The Four-Letter Word You Are Not Allowed To Say Around Me
November 8, 2017
Never underestimate the power of words.
Last Friday, I gave a TEDx Talk titled “How an ordinary man is living an extraordinary life and how you can, too!” Preparing for it, I worked with Charles Edwards, a communications expert at Jackson Spalding, a marketing firm based here in Atlanta. During a break, we were talking about our families. Specifically, the values we are instilling in our children. He said something that resonated with me. In his household, his kids are forbidden from saying a certain four-letter word. I immediately thought it was the “F” word or the “S” one, but it was not one of them. It was the “Can’t” word. I immediately thought, “Wow!” I wouldn’t be living an extraordinary life if I used that word, and neither will you. I wasn’t as clear as Charles in letting my family and teams know to avoid the “can’t” word. I will now. (Charles is more than half my age. It was another example of the teacher being taught.)
When it comes to using the word “can’t,” there are only two times in which it is acceptable to use the term: when someone is asking you to do something that is either (1) unethical or (2) immoral. In all other situations, the word cannot be used. For example, if a family or team member is having trouble grasping or doing something that she wants to and starts doubting her competence, she cannot say “I can’t do it.” Let her know that she hasn’t yet found the right person who can explain it in a matter that resonates with her. (i.e., she hasn’t found the right teacher yet.) The key to learning is not to give up, but to keep searching for the right teacher. To that point, back in 1984 when I switched from being an accountant to a programmer at Georgia-Pacific, I had difficulty learning how to code. None of the other four programmer trainees were having problems. They all had computer science degrees and had been programming in college for at least two to three years. I was beginning to think that I can’t do it, but then the right teacher came into my life. His name was Gabe Lance. I became a very good programmer and went on to become CIO of the company.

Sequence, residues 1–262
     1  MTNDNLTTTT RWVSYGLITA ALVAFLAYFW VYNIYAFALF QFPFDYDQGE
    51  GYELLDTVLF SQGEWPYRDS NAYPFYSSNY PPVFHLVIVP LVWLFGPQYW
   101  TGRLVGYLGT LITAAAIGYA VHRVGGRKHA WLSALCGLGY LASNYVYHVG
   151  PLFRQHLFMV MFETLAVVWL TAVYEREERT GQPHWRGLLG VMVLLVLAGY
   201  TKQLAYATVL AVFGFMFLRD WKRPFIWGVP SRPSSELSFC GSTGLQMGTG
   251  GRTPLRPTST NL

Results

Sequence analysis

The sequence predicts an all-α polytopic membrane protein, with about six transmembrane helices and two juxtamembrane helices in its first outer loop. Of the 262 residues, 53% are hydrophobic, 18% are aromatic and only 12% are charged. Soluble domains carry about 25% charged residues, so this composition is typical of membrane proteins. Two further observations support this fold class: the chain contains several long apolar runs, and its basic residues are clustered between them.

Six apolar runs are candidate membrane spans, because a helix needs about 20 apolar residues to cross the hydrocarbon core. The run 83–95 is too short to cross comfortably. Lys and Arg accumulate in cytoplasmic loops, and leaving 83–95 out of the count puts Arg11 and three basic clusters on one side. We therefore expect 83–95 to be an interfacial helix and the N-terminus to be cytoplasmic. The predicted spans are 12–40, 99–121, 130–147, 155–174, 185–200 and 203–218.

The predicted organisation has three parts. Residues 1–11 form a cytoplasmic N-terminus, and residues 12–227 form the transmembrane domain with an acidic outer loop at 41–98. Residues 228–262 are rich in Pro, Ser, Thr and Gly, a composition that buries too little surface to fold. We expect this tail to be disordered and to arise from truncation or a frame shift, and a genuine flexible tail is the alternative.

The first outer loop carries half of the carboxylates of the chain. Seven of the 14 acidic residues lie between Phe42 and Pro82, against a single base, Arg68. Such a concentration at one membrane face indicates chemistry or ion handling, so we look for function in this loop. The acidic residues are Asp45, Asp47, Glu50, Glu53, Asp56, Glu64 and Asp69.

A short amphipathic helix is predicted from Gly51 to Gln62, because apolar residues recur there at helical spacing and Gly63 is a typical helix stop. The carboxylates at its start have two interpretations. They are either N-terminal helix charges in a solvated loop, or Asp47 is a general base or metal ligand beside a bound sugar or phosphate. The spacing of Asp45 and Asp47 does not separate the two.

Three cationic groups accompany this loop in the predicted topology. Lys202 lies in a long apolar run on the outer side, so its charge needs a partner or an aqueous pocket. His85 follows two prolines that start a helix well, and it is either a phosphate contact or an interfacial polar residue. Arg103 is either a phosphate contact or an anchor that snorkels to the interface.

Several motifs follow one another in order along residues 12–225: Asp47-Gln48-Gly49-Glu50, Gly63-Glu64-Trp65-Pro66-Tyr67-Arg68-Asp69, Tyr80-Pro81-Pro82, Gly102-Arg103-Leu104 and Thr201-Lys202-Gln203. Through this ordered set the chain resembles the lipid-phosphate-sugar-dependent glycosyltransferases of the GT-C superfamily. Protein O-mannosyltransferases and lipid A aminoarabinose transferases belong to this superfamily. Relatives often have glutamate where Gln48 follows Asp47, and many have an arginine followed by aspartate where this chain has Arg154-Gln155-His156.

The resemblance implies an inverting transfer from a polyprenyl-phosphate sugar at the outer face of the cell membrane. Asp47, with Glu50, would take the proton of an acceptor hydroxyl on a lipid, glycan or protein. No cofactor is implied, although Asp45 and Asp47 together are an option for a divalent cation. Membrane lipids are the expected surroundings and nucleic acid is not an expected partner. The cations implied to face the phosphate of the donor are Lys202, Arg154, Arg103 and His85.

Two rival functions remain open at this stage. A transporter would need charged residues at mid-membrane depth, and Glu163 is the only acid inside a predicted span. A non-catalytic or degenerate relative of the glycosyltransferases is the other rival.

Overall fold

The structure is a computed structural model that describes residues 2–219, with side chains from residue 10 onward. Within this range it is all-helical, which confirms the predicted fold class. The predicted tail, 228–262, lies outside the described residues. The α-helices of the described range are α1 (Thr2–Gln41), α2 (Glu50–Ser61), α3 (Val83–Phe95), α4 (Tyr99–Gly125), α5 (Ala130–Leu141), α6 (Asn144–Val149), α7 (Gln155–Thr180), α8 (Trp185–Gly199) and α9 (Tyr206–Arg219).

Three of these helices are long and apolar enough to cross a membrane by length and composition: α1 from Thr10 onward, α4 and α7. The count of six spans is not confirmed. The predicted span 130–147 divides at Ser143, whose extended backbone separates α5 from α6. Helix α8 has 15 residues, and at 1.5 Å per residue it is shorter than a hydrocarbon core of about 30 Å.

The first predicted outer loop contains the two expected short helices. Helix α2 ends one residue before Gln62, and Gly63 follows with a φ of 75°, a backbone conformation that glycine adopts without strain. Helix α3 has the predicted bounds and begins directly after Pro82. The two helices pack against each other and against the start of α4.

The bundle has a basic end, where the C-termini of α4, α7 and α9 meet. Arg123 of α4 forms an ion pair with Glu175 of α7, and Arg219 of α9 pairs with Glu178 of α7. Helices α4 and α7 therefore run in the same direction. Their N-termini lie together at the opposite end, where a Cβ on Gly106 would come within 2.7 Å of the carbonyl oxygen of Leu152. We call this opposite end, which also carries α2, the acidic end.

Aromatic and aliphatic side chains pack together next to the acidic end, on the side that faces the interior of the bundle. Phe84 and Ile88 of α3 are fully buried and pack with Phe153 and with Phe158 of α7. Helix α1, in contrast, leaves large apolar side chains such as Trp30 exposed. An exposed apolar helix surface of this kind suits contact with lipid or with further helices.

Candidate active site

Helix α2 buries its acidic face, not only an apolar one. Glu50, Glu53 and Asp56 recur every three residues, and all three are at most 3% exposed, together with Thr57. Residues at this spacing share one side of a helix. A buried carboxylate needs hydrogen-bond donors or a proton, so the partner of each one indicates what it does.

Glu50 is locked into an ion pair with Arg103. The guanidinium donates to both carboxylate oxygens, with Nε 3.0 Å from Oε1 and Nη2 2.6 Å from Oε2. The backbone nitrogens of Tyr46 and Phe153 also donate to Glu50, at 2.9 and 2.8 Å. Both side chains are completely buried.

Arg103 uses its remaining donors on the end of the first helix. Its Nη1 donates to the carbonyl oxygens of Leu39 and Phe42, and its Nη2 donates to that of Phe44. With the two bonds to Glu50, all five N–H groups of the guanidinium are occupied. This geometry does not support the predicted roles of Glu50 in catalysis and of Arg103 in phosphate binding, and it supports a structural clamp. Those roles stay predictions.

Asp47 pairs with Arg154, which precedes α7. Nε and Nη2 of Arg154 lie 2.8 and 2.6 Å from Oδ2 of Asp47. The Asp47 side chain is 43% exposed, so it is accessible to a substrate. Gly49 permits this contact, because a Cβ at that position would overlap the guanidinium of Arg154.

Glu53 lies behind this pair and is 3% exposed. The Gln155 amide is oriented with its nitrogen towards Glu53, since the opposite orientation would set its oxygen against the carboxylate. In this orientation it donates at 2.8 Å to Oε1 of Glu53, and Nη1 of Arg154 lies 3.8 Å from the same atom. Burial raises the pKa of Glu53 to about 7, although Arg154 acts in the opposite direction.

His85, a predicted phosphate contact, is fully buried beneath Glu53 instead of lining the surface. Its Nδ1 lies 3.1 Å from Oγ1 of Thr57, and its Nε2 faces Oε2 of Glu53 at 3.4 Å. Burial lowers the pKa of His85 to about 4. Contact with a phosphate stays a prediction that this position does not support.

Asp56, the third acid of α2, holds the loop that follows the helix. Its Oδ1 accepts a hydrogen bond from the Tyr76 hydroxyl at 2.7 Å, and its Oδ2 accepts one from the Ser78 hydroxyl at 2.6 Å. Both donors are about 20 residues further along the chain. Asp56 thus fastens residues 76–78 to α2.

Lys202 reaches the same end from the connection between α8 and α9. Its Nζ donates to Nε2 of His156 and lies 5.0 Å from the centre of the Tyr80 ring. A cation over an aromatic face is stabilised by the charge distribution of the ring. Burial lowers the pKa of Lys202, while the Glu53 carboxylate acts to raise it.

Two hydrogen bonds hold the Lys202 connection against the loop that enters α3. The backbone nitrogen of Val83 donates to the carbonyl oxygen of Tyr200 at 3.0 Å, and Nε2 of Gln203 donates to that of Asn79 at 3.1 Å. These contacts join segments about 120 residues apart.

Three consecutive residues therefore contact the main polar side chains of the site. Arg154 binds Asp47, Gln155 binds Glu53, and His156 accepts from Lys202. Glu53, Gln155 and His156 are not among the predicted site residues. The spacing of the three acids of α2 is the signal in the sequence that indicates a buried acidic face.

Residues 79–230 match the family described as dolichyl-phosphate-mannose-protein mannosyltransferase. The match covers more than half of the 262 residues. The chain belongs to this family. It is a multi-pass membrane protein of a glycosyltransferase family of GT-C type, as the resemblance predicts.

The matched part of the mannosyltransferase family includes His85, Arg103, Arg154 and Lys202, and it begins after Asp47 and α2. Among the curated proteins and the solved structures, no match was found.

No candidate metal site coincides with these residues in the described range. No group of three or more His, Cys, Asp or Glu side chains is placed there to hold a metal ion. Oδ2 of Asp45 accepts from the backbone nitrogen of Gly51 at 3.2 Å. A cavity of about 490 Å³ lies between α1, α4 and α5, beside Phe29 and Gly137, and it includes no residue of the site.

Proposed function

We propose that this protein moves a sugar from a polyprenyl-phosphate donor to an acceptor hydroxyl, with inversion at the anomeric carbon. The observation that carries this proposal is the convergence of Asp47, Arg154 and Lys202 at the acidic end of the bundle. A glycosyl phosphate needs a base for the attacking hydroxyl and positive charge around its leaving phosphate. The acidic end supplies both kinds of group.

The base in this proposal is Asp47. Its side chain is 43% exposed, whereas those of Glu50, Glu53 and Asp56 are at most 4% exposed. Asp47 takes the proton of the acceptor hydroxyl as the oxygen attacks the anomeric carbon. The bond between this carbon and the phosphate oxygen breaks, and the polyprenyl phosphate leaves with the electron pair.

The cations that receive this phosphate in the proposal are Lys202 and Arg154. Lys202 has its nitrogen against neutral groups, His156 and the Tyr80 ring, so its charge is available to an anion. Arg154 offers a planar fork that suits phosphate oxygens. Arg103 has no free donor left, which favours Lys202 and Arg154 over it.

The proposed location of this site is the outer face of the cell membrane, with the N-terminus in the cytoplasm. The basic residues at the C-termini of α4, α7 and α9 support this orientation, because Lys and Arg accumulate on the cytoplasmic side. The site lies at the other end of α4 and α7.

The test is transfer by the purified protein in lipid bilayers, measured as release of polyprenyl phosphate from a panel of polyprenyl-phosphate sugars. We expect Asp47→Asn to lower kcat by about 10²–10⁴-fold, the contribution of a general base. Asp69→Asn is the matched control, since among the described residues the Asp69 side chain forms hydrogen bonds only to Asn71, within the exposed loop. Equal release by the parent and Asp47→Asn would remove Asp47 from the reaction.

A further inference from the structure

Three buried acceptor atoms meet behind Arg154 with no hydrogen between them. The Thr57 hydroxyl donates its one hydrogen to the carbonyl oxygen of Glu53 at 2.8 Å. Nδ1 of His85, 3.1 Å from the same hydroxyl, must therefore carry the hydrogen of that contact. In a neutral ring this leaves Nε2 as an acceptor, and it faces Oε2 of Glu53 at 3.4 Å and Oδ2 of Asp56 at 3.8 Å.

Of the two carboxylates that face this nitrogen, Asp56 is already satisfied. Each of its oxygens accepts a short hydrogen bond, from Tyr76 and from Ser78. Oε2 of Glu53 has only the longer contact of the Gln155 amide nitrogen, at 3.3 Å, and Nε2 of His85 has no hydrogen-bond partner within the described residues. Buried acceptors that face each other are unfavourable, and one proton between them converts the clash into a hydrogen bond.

Another thing to keep in mind is, as you take on more responsibility in life and at work, there will be times in which you already have too much on your plate and cannot take on anything else. The words to use in those situations are “Not now.” It is critical that you learn to say those words. If you don’t, you will overload yourself and lose sight of what I call the “Big Rocks”—the most critical things you have to do. To that point, you should never have more than two to three big rocks on your plate to do. Everything else is important, but not critical.
In closing, I wouldn’t have gone from living an ordinary life to an extraordinary one if “can’t” was part of my vocabulary. Remove the word from yours and you will be amazed at what you, your family and your teams will accomplish.
Summary: Don’t put limitations on you or your future. “Can’t” is the most limiting four-letter word anyone can use except for the two situations I mentioned. You can. It is just a matter of finding the right teacher. If you haven’t found her yet, keep on looking, you will find her and achieve your goals.
I want to thank my parents, teachers, mentors, and sponsors for instilling that persistence in me. Charles, Thanks for reminding me of it.
Next week’s #WednesdayWisdom will be on how to balance all of the responsibilities you have. (i.e., “It is not the load that breaks you; it is how you carry it.” Lena Horne.”)